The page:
More than a gut feeling: exploring the gut-brain axis


More than a gut feeling: exploring the gut-brain axis

Can you recall a time you felt “butterflies” in your stomach? Or experienced stress about a situation which caused changes in your toilet habits?

It turns out there is more to these sensations than mere coincidence – it is thanks to the fascinating relationship between our gut and our brain, also known as the “gut-brain axis”.

What is the gut-brain axis?

Imagine your gut and your brain as two best friends chatting via a special phoneline. This phoneline is a complex network of nerves, hormones and biochemical signals that constantly exchange information between your gut and your brain.

For example, when you’re stressed or anxious, your brain sends signals down this phoneline (called the “vagus nerve”) to your gut which can then flare up digestive symptoms. Similarly, when your gut is unhappy it can signal this back up to your brain, and potentially impact mood and emotions. Our gut bugs play a crucial role in maintaining the communication between the gut and the brain.1-2

Top Tips

So, how can we support this dynamic duo? At Love Your Gut, we know the importance of diet and what we put on our plates. A diet rich in fibre, fruits, vegetables and wholegrains can help keep your gut happy and thriving. Think of it as a gourmet feast for your gut bugs!

But it’s not just about what you eat. Lifestyle factors such as stress, exercise and sleep also play a crucial role. Stress, for example, can throw off the delicate balance of the gut-brain axis. Therefore, finding healthy ways to cope such as journalling, meditation, yoga or simply spending time in nature can work wonders for both your mental and digestive health.3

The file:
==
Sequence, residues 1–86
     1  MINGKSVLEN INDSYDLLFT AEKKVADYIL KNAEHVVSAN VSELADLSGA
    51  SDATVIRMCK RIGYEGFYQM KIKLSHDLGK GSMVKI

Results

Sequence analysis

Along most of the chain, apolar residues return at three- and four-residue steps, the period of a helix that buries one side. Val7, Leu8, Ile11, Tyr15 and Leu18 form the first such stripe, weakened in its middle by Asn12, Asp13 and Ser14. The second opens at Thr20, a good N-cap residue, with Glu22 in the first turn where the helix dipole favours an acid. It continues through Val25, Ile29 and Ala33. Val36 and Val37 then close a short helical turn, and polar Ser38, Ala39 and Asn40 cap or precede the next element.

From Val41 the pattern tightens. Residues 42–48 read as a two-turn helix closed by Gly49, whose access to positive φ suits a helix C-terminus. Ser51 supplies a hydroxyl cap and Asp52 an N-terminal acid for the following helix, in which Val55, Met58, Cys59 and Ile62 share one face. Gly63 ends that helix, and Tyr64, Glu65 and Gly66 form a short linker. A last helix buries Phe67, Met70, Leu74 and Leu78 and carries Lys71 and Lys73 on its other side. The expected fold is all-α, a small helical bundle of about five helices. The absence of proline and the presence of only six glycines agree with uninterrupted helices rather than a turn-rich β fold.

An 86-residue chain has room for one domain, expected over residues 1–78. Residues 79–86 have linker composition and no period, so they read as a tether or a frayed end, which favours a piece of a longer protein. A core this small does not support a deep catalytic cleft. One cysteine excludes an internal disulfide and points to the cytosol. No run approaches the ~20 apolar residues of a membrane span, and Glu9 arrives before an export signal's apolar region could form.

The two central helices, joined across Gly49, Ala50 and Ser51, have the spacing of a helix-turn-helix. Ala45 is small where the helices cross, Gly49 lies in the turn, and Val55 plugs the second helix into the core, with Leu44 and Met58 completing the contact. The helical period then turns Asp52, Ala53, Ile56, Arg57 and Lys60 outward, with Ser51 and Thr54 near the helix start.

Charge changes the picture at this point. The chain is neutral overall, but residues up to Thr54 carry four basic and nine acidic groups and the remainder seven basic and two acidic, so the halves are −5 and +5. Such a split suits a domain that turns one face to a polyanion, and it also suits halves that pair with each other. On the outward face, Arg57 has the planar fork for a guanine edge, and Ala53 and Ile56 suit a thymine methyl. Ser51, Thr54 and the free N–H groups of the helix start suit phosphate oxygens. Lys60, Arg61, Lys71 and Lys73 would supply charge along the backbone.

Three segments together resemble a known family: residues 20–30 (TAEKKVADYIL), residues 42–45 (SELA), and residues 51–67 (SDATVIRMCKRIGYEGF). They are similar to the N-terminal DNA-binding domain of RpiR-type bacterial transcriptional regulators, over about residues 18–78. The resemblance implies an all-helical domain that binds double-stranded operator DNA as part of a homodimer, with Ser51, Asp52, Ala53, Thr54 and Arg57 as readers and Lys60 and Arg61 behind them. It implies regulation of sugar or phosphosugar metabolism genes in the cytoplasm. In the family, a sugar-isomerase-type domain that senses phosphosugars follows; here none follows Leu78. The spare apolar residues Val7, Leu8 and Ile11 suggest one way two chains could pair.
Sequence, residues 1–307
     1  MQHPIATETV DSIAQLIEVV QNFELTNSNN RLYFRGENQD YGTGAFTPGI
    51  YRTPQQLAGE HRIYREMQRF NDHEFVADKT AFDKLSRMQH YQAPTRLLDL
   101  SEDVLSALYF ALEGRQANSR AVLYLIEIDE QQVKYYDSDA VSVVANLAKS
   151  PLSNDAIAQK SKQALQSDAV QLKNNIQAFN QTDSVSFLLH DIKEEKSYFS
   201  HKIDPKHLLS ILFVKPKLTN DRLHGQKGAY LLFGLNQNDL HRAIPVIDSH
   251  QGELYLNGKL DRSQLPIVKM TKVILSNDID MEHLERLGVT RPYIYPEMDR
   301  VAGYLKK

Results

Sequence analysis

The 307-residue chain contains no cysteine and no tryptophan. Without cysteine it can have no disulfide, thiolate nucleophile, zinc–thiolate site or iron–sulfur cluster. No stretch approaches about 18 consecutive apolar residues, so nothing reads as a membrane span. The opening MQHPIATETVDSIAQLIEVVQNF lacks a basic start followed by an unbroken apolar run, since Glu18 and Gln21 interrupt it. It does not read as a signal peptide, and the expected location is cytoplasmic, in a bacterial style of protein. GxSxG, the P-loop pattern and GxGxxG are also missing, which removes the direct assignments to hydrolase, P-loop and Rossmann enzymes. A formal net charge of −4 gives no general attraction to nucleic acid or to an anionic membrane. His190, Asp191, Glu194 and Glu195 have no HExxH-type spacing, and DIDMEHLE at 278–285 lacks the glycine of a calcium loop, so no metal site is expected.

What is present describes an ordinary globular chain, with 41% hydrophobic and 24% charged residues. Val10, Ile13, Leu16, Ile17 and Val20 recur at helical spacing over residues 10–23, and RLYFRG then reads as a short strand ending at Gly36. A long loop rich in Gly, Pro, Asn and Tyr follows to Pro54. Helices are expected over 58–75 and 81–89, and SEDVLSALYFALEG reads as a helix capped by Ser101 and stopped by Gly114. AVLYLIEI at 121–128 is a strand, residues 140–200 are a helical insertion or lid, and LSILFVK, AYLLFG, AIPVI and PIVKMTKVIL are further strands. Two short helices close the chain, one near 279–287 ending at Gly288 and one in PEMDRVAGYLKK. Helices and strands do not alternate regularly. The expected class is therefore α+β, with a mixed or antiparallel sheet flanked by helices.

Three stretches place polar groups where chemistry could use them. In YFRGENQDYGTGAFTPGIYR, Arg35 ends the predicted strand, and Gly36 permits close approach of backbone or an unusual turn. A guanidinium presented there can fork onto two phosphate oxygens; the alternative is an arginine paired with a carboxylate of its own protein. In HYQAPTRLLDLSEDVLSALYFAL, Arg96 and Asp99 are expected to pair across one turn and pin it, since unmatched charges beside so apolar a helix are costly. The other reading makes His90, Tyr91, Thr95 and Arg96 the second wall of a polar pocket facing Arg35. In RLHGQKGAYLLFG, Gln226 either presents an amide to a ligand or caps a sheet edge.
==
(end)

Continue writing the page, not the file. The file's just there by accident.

Exercise is another powerful tool for supporting the gut-brain axis. Not only does it help reduce stress and improve mood, but it also promotes healthy digestion and diversity of our gut bugs (i.e. lots of different type of bacteria – which is really good news!).4 So, lace up those trainers and get moving – your gut and brain will thank you for it! Read this blog  here for exercise inspiration.

Lastly, let’s not forget about the importance of sleep. A lack of sleep can negatively affect your gut.5 Aim for 7-9 hours of quality sleep each night to keep your gut-brain axis in tip-top condition. Try to go to sleep at the same time each night and avoid exercise and heavy meals before bedtime. Read more top tips for good sleep here.

Take-home message – exploring the gut-brain axis

The gut-brain axis is a fascinating and intricate relationship that can play a crucial role in our overall health and well-being. By nourishing our bodies with a healthy diet, managing stress, staying active, and prioritising sleep we can help to support this relationship. So maybe there is scientific truth to the saying “trust your gut”!

References    

  1. Mayer et al. (2022). Ann Rev Med, 73: 439–453.
  2. Margolis et al. (2021). Gastroenterology160(5): 1486–1501.
  3. Zhang et al. (2021). Br Med Bull, 138(1): 41–57.
  4. Monda et al. (2017). Oxid Med Cell Longev, e3831972.
  5. Bermingham et al. (2023). Eur J Nutr, 62(8): 3135–47.

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